Jamal Crawford Reggie Miller and Kevin Harlan Credit: NBA on TNT

Facing down a ninth straight season in the NBA lottery in 2018, the Phoenix Suns signed journeyman bench scorer Jamal Crawford. With an evasive owner and first-time general manager and head coach heading up the team, Crawford quickly became the elder statesman of the organization.

Back then, Crawford told all of us in Phoenix media that he aspired to be in an NBA front office. We even thought he might be offered a spot on Jones’ staff when he retired.

Instead, Crawford played one final game in the NBA Bubble in 2020 before quickly finding his footing at TNT Sports. This year, Crawford replaced Dwyane Wade on the Tuesday edition of the Inside the NBA. And it apparently went so well that his TNT bosses gave him a bump to the big leagues, sitting in with Kevin Harlan and Reggie Miller in the network’s top broadcast booth throughout the playoffs.

Looking back to that final full season in Phoenix, it’s not hard to believe Crawford is excelling in media. He was able to easily put himself in the shoes of his coach, veteran teammates and young guys while also transparently explaining why management brought him in.

Like many journeymen before him, Crawford soaked up a life’s worth of basketball lessons to make himself a great NBA broadcaster at a young age. He did the same in the booth, detailing game situations like the best tacticians while also taking viewers inside the mind of a superstar.

Still, Crawford is fresh, too. A clear hip-hop fan, he was able to weave timely references to the Drake-Kendrick Lamar beef into TNT’s NBA broadcasts throughout the spring.

Crawford pulls from his work in Seattle’s basketball community, where he coached AAU and runs a Pro-Am event, to stay up on lower levels of the game. And he stepped into both the studio and the broadcast booth with a newcomer’s mentality, deferring to Shaquille O’Neal, Harlan and Miller without issue.

Stylistically, Crawford gets it. Smarts may be great for podcasting, but wisdom is great for the booth. Crawford trusts himself to convey his point in tight windows, which every game analyst needs. Anyone watching the NBA postseason this year would have wondered which network TNT poached Crawford from, not realizing he was a rook.

A good portion of credit here goes to Harlan and Miller as well. A youngster is nothing without his vets, as Crawford proved during his playing career. He’s had that lesson reinforced during this playoff trial run, with Miller actively bringing him into the conversation and Harlan tossing him passes on air like an assistant coach during pregame warmups. They are pros, and Crawford makes a great third wheel.

Contrast that with JJ Redick, Kendrick Perkins or Richard Jefferson at ESPN, retired NBA journeymen from Crawford’s era who struggled to settle in at TNT’s rival network, and we can appreciate Crawford even more. Crawford is happy to play the game and lean into the fun of sports while letting his instincts carry his analysis. The lanky, score-first guard isn’t afraid to make fun of himself for his lack of defensive mettle or the fact that he came off the bench. There’s a reason we have the word “natural.”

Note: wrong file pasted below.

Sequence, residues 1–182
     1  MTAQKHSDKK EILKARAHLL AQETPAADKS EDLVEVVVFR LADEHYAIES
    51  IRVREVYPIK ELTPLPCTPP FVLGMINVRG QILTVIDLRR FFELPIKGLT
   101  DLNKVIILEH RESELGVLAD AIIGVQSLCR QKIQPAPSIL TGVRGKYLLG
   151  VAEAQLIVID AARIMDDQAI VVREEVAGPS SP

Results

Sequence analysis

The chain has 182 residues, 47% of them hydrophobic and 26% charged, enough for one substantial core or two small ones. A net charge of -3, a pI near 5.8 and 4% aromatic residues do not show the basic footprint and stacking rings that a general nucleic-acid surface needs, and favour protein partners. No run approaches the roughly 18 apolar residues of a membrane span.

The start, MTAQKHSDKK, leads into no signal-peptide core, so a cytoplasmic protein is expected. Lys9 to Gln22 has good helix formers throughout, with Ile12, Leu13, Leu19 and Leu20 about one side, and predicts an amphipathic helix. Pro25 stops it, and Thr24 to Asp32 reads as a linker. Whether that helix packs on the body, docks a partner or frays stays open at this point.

While Crawford won’t follow Harlan and Miller to Minneapolis or Dallas for the Western Conference Finals this week, he made the rounds Tuesday, talking NBA with Pat McAfee and Dan Patrick. When Patrick asked him a question about Nikola Jokic “falling short,” Crawford comfortably pushed back on the crux of the question, pointing out how Jokic “brought it” but Denver’s depth pieces didn’t have enough.

On The Pat McAfee Show, Crawford had no issue playing a goofy game of “best NBA duo” with retired NFL defensive back Darius Butler. And he even commented on the WNBA’s New York Liberty and Redick’s candidacy for the Lakers job.

Crawford’s trial run calling the NBA may be done heading into the next round, but he left his mark. As Amazon and NBC scout talent for their upcoming broadcast packages with the NBA and ESPN hunts for a permanent solution in its top booth, Crawford should be atop every list. Beyond just being sharp and slick, Crawford is a humble announcing teammate and a great ambassador for the sport. What more could you want?

It’s been a dry period lately for up and coming NBA broadcasters relative to the NFL, where Tony Romo, Ryan Clark and Dan Orlovsky sprouted up seemingly overnight to change the game. Crawford looks like a godsend for the networks and basketball fans alike.

When Crawford ended that 2018-19 season in Phoenix with a 51-point explosion, it felt like a fitting sendoff for a legendary scorer. The next chapter is already here, and we shouldn’t be surprised if Crawford fills it up from the booth the same way he did for so long on the court.

About Brendon Kleen

Brendon is a Media Commentary staff writer at Awful Announcing. He has also covered basketball and sports business at Front Office Sports, SB Nation, Uproxx and more.